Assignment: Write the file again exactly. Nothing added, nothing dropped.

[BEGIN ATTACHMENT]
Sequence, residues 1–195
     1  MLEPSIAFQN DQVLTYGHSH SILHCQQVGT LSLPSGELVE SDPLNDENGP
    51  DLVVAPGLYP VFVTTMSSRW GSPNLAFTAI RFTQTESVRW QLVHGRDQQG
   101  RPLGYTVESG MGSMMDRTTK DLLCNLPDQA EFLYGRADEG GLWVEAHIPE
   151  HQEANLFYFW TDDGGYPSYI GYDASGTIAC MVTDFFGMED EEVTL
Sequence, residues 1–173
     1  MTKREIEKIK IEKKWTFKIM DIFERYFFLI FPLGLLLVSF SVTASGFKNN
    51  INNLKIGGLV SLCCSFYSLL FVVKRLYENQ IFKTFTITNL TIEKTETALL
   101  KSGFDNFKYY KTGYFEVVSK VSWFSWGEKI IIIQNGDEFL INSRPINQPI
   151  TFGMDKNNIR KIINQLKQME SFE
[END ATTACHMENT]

Sequence, residues 1–195
     1  MLEPSIAFQN DQVLTYGHSH SILHCQQVGT LSLPSGELVE SDPLNDENGP
    51  DLVVAPGLYP VFVTTMSSRW GSPNLAFTAI RFTQTESVRW QLVHGRDQQG
   101  RPLGYTVESG MGSMMDRTTK DLLCNLPDQA EFLYGRADEG GLWVEAHIPE
   151  HQEANLFYFW TDDGGYPSYI GYDASGTIAC MVTDFFGMED EEVTL
Sequence, residues 1–173
     1  MTKREIEKIK IEKKWTFKIM DIFERYFFLI FPLGLLLVSF SVTASGFKNN
    51  INNLKIGGLV SLCCSFYSLL FVVKRLYENQ IFKTFTITNL TIEKTETALL
   101  KSGFDNFKYY KTGYFEVVSK VSWFSWGEKI IIIQNGDEFL INSRPINQPI
   151  TFGMDKNNIR KIINQLKQME SFE